There's nothing quite like an amazing photograph of a wild animal, captured in a moment as a wild animal is meant to be - free, primal and spectacular.
If nothing else, it reminds us of how small we are on this big planet, and that there is an entire world unfolding beyond our day to day lives.
Well, every year for the past 48 years, the National History Museum in London and BBC Wildlife have run an international contest that brings together the best nature photography from around the world.
It's called the Veolia Environnement Wildlife Photographer of the Year and this year's winners have been announced.
Here's a look at some of the photos.
Winner: "Bubble-jetting emperors" by Paul Nicklen (Canada). A blast of penguins from the depths of the Ross Sea, Antarctica
Runner-up: "Fluff-Up" John E Marriott (Canada). A raven squatting on a snow covered road in Jasper National Park, Alberta.
Winner: "Practice run" by Grégoire Bouguereau (France). A pack of cheetahs stalk a gazelle calf in the Serengeti National Park, Tanzania.
Winner: "Ice matters" by Anna Henly (U.K.). A polar bear spotted at 4am in October walking on a broken ice floes between Norway and the North Pole.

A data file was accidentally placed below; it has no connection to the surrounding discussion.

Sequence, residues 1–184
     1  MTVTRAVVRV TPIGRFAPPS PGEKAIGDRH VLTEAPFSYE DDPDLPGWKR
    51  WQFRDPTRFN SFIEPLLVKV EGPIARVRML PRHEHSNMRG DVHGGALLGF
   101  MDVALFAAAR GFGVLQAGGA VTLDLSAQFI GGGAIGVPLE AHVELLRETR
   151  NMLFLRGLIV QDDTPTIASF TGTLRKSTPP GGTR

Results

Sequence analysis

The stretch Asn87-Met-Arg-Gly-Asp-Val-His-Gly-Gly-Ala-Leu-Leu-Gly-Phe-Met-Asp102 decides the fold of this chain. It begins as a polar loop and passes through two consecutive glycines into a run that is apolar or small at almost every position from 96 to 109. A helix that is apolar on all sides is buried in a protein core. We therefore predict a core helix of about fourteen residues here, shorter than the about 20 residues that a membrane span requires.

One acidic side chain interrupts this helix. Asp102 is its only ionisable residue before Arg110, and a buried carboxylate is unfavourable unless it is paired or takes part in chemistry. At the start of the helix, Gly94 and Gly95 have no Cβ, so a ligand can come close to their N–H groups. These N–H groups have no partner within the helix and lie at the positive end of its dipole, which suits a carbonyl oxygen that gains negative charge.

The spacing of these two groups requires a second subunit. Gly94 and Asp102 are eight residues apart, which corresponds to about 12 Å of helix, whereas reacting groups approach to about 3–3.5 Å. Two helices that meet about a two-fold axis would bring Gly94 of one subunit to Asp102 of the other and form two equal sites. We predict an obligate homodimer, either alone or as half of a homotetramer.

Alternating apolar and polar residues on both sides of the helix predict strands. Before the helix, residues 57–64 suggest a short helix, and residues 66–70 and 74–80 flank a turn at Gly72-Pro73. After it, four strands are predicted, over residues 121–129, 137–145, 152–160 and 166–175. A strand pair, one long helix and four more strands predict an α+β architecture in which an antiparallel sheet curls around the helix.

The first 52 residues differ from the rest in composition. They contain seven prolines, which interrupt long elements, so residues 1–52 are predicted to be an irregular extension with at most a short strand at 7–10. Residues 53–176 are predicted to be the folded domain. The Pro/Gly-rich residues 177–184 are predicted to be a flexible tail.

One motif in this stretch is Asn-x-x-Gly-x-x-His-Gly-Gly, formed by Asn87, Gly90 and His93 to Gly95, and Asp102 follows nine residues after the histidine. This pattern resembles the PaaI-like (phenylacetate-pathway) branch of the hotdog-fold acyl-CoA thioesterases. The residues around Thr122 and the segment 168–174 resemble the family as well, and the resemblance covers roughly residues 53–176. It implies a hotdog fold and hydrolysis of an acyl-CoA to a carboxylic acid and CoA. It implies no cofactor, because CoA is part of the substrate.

Commended: "Crouch, pause, action" by Joe Sulik (USA). A bobcat in Badlands National Park, South Dakota leaping in the hunt for prey.
Commended: "Relaxation" by Jasper Doest (Netherlands). This is a Japanese macaque keeping warm in a hot-spring pool in the dead of winter.
Winner: "Warning Night Light" by Larry Lynch (USA). An alligator in the Myakka River State Park in Sarasota, Florida just after sunset, which is reflecting in the gator's eyes.
This year, organizers received nearly 48,000 entries, which were judged by an international panel.
The winners - about 100 in all - are currently on display at the Natural History Museum in London until March of next year, before going on a world tour.
The contest even has categories for young photographers 10 years old and under.
"It amazes me to discover new and startling moments that have never been seen before," said Jim Brandenburg, chairman of the judging panel, in a recent press release.
You can check out all of the winning images on the Natural History Museum's website.